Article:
Longtime NFL writer Peter King is leaving Sports Illustrated for NBC. (Getty)

NBC Sports announced this week that veteran NFL columnist Peter King is joining the network on an exclusive deal, leaving his longtime Sports Illustrated perch. King will bring his weekly Monday morning column to NBCSports.com, appear regularly on the network’s television and radio properties and continue to appear on its Football Night in America” program. In the spirit of his regular column, here are five things I think I think about the news.

1. I think I think King’s decision has a bigger impact on his former employer than his new one.

The venerable magazine already faced an uncertain future, and losing a cornerstone talent is not a good sign. King had been at the magazine for 29 years. He was one of only a handful of writers that smart sports fans knew to seek out. He loves football, and he loves writing about football, and while his delivery and approach are sometimes criticized, he’s as respected as any writer in any team building across the league, as much for his curiosity as his knowledge. His future is fine.

Sports Illustrated, on the other hand, is reportedly for sale and could be had for $150 million. The magazine has lost talented writers, and scaled back some ambitions. An institution that had generations of fans running to the mailbox each week is now published biweekly and has for years struggled to find its footprint in the digital space. The lone exception might have been King’s weekly column, “Monday Morning Quarterback”  — a must-read for fans, coaches and execs across the league — which was turned into its own micro-site in 2013: The MMQB. It was, he wrote then, “a site under the Sports Illustrated umbrella devoted to all things football, using all the means of modern media to disseminate that football prose and information.”

There’s been speculation that the magazine’s most valuable asset is the swimsuit issue, and Sports Illustrated announced three new hires with digital backgrounds this week, seeming to indicate an increased focus on its digital operation, including SI TV.

2. I think I think the excitement over the personality-driven, niche sports vertical just might be over, and King’s former site might be the last of the genre.

King will continue writing his column at NBC, and Sports Illustrated will continue publishing MMQB content in some fashion, even if it feels increasingly like a broad label for all of SI’s football coverage. But the landscape has changed since King launched his effort five years ago.

Back then, ESPN had already given Bill Simmons Grantland to play with. Joe Posnanski was building a site called Sports on Earth. Fox gave Rob Neyer a baseball site. Yahoo would allow Adrian Wojnarowski to build staff for a basketball vertical called, um, The Vertical. RIP to all of them. Sites built around news and content seem to have a longer shelf life than those built around a single personality.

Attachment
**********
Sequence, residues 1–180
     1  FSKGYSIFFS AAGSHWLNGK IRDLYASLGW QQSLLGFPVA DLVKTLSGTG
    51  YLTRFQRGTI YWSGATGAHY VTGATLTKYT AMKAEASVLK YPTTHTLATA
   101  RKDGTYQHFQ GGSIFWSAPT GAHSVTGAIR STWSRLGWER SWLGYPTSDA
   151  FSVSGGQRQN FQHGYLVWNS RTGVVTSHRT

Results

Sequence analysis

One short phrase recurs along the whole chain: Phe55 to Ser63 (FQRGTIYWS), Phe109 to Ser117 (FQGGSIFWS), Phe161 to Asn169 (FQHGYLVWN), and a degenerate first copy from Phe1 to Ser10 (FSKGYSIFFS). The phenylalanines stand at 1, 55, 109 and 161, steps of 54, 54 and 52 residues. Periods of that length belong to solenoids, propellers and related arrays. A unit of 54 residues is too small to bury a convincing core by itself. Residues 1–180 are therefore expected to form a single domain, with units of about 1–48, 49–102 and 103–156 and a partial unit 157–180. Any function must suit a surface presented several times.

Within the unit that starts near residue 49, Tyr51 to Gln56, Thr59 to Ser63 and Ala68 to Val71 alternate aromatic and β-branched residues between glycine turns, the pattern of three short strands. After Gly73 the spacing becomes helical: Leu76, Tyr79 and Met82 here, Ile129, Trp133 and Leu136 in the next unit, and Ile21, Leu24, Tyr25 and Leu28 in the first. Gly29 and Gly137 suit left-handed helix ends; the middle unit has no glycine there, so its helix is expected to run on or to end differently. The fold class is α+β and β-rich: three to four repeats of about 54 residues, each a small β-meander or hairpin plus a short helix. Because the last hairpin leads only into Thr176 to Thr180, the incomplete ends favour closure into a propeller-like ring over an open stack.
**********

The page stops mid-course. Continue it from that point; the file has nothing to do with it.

3. I think I think that most of the NFL’s top reporters are now working for outlets that have a financial relationship with the league. I certainly hope none of them feel compromised by those relationships, but the optics are less than ideal, and that might not bode well for much-needed accountability coverage of the league.

King was never an overtly critical voice, preferring to explain controversies rather than pass judgment. To his credit, though, he chose to have an MMQB reporter focused on health and safety issues. It’s often hard for outlets, even without business partnerships with the league, to invest resources in journalism that doesn’t involve transactions, team news and tidbits that affect fantasy team owners.

The league suddenly has new suitors in the digital space, eager to stream games, which could give it some leverage in talks with traditional partners, like ESPN and NBC. I don’t expect King’s style and delivery to change, but the sport is better when journalists of all stripes are asking important questions.

And while I don’t expect NFL Network to expose a leaguewide scandal, it’s important for other league reporters to feel that part of their job is to look under rocks, challenge authority and take teams and the shield to task when warranted.

4. I think I think King will remain relevant because he’ll still be highly visible on a big platform for football fans. But I hope his column doesn’t suffer. I hope he still spends more time talking to sources than talking into microphones. I hope readers still find the column, and that it doesn’t fade away as King’s broadcast responsibilities ramp up.

And I hope King can beef up his editorial voice on TV. Like him or not, Bob Costas’s Football Night in America commentaries addressed important topics in an important and visible time slot. King’s voice is a powerful one, and I hope he pushes NBC to explore the wide range of issues that his MMQB crew tackled each week. King is 60, but he has a high motor, and there’s no chance he views this new chapter as a cushy final stop before retirement.

5. I think I think Sports Illustrated better have a plan. They have a great collection of football reporters. No one slides in and takes King’s spot — no one replaces his ideas, his guidance or the doors he was able to open across the league for others on staff. What made MMQB content valuable is the same thing that made SI a must-read for decades: original stories, strong voices, respected and curious journalists. The brand can’t abandon that for a doomed video operation, aggregated content or whatever whims a new owner might bring.

I think I think King and NBC win in this shake-up. I think I fear that SI and football fans might not fare as well.

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